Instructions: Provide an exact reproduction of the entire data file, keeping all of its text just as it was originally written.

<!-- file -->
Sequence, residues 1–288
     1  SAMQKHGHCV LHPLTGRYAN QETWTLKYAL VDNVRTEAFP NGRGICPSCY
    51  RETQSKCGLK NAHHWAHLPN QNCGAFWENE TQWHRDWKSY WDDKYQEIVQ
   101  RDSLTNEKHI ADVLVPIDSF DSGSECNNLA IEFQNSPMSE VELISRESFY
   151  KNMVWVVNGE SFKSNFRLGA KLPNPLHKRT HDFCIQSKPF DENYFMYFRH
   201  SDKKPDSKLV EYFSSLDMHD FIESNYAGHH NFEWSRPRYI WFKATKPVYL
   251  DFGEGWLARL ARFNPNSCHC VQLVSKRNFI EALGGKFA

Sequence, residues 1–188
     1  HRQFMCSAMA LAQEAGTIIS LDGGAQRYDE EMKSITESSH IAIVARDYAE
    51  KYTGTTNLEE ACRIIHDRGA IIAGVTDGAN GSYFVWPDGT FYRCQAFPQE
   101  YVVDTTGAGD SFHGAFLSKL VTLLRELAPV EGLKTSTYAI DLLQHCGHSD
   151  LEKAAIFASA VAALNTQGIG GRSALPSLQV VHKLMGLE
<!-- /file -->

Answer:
Sequence, residues 1–288
     1  SAMQKHGHCV LHPLTGRYAN QETWTLKYAL VDNVRTEAFP NGRGICPSCY
    51  RETQSKCGLK NAHHWAHLPN QNCGAFWENE TQWHRDWKSY WDDKYQEIVQ
   101  RDSLTNEKHI ADVLVPIDSF DSGSECNNLA IEFQNSPMSE VELISRESFY
   151  KNMVWVVNGE SFKSNFRLGA KLPNPLHKRT HDFCIQSKPF DENYFMYFRH
   201  SDKKPDSKLV EYFSSLDMHD FIESNYAGHH NFEWSRPRYI WFKATKPVYL
   251  DFGEGWLARL ARFNPNSCHC VQLVSKRNFI EALGGKFA

Sequence, residues 1–188
     1  HRQFMCSAMA LAQEAGTIIS LDGGAQRYDE EMKSITESSH IAIVARDYAE
    51  KYTGTTNLEE ACRIIHDRGA IIAGVTDGAN GSYFVWPDGT FYRCQAFPQE
   101  YVVDTTGAGD SFHGAFLSKL VTLLRELAPV EGLKTSTYAI DLLQHCGHSD
   151  LEKAAIFASA VAALNTQGIG GRSALPSLQV VHKLMGLE